Tag: Mormonism

Member Post

 

  At San Diego Comic-Con (an event that used to be a convention for comic book fans that has mutated into Hollywood’s most bombastic marketing tool) last night, FX revealed the title for its seventh installment of its American Horror Story anthology series – American Horror Story: Cult. For months, the interwebs have been rife […]

Join Ricochet!

This is a members-only post on Ricochet's Member Feed. Want to read it? Join Ricochet’s community of conservatives and be part of the conversation. Get your first month free.

Pondering the Mormon Question of Election 2016

 

As polling suggests Utah may not vote for the Republican for the first time in 52 years, many wonder why the reddest of states and its prominent socially conservative religious group are drifting away from the party. It’s tempting to chalk it up to a simple answer: last go around, they had one of their own at the top of the ticket and he was expected to assure the public and his party that he is against having multiple wives, but this time, the GOP nominee and party leaders take the position that multiple wives are dandy so long as they’re consecutive, not simultaneous. Glibness is fine for the screamers of cable news, but let’s strive for better. The Mormon question is a complex one. There are theological and cultural influences at play that deserve exploration.

Even among other devout Christians, The Church of Jesus Christ of Latter Day Saints–which from now on I will refer to as Mormons for the sake of clarity and brevity–is considered unusual. As religious belief wanes and socially liberal attitudes enjoy ever wider acceptance [1] Mormons and the religious right have found each other fighting the same enemies, but their alliance is not based on perfect harmony. Media coverage has unsurprisingly focused on the peculiar aspects of the religion, like sacred undergarments and the sinfulness of drinking coffee, while giving attention, that is at most cursory, to the doctrines that are significantly different from other Christian sects.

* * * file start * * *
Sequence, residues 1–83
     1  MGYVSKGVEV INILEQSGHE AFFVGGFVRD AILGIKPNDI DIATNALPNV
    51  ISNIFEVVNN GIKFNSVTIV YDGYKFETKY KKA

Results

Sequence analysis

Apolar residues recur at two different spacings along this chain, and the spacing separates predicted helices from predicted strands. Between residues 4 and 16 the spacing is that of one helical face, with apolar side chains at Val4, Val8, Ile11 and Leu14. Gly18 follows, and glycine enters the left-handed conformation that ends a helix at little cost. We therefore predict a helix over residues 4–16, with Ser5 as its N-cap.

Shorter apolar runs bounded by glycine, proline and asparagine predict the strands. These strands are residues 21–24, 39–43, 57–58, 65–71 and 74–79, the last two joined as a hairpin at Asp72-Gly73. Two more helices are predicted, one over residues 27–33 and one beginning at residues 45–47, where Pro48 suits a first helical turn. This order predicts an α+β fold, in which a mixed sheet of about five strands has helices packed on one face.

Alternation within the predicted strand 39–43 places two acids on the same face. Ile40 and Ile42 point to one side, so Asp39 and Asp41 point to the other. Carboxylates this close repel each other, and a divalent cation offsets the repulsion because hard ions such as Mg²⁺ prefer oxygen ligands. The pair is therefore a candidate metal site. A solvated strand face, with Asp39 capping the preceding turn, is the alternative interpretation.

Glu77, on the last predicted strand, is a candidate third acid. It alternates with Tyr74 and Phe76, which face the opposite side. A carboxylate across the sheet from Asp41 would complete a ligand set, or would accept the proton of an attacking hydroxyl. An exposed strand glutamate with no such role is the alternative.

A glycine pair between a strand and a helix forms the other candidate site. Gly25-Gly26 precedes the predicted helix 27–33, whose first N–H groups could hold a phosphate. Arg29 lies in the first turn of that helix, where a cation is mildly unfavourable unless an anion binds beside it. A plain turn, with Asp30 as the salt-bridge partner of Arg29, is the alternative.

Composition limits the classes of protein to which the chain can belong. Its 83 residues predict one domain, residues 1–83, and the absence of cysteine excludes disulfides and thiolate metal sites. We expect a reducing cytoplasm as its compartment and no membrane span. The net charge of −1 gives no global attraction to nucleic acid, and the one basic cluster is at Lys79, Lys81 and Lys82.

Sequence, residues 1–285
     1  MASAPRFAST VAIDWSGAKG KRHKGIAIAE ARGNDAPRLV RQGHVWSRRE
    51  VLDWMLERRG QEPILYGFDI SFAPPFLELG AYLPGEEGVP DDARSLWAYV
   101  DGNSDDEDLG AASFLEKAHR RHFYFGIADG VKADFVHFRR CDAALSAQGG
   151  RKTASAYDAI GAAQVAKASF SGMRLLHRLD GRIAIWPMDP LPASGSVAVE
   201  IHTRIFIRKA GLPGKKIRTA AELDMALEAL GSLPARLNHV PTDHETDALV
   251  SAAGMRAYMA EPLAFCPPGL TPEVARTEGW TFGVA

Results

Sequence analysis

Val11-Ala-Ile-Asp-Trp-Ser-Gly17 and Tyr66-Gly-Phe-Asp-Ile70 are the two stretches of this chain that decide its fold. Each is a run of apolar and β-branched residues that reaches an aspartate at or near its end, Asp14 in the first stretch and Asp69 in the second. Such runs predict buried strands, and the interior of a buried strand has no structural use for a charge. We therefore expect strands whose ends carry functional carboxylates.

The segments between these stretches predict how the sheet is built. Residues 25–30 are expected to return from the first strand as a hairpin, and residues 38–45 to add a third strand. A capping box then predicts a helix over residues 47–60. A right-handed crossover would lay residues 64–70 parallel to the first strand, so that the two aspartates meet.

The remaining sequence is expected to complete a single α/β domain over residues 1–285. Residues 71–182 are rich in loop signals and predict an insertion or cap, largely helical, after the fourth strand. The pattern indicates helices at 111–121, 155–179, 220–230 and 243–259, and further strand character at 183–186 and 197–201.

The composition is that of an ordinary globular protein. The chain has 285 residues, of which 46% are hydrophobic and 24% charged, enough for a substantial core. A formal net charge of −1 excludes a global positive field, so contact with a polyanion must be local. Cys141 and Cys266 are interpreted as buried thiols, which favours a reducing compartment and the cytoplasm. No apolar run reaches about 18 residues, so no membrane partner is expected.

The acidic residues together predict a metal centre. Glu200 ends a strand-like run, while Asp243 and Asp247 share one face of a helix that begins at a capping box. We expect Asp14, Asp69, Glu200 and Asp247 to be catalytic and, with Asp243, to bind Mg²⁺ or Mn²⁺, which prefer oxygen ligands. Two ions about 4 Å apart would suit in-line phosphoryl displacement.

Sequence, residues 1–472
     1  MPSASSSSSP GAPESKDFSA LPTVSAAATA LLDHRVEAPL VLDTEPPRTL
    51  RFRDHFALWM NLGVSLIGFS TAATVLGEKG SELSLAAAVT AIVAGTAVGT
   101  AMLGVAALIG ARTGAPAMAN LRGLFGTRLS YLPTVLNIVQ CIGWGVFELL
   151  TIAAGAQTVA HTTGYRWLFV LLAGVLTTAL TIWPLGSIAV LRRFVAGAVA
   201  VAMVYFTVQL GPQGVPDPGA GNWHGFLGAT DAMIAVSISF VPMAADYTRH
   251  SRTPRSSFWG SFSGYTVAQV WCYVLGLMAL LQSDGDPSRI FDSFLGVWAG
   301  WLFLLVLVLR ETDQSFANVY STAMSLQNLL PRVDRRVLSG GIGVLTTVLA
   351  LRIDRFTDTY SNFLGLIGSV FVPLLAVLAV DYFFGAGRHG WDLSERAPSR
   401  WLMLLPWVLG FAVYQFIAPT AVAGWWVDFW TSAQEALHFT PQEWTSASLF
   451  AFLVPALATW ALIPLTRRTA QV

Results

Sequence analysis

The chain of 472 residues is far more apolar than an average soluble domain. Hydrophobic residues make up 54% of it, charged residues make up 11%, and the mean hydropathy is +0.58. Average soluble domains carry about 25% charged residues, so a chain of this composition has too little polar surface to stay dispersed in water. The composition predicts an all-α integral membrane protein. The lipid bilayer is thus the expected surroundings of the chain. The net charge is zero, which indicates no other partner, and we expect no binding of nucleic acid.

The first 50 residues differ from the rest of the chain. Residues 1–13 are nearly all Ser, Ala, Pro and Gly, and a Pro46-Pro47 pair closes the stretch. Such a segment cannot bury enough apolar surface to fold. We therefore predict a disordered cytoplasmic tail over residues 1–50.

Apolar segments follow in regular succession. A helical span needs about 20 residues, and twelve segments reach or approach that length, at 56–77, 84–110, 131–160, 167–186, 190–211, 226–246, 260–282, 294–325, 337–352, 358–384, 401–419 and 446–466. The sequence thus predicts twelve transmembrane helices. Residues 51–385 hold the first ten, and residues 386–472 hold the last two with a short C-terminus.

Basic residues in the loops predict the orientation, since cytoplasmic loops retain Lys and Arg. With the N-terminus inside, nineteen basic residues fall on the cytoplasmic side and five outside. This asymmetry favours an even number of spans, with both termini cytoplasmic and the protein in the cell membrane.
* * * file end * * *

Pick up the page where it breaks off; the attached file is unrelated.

Member Post

 

On this day, 172 years ago in a Carthage jail room, Joseph Smith and his brother Hyrum were murdered by a militia mob.  The persons responsible for the deed were convinced that they were carrying out the will of the people, and considering that no one was convicted for the crime, it’s hard to disagree. […]

Join Ricochet!

This is a members-only post on Ricochet's Member Feed. Want to read it? Join Ricochet’s community of conservatives and be part of the conversation. Get your first month free.

Member Post

 

It just came to my attention that Catholic theologian and philosopher Dr. Stephen H. Webb passed away on March 5th. He was only 54. I don’t know that he was prominent among theologians. He apparently addressed a number of issues throughout his career, but the one that caught my attention was his recent interest in […]

Join Ricochet!

This is a members-only post on Ricochet's Member Feed. Want to read it? Join Ricochet’s community of conservatives and be part of the conversation. Get your first month free.

Books as Christmas Gifts: The Polygamist King

 

The Polygamist King by John MillerSomething like two-thirds of the books sold each year in the United States are sold in the weeks leading up to Christmas, which explains why publishers are more apt to release books (such as my own recent contribution, The Grand Strategy of Classical Sparta: The Persian Challenge) in the fall.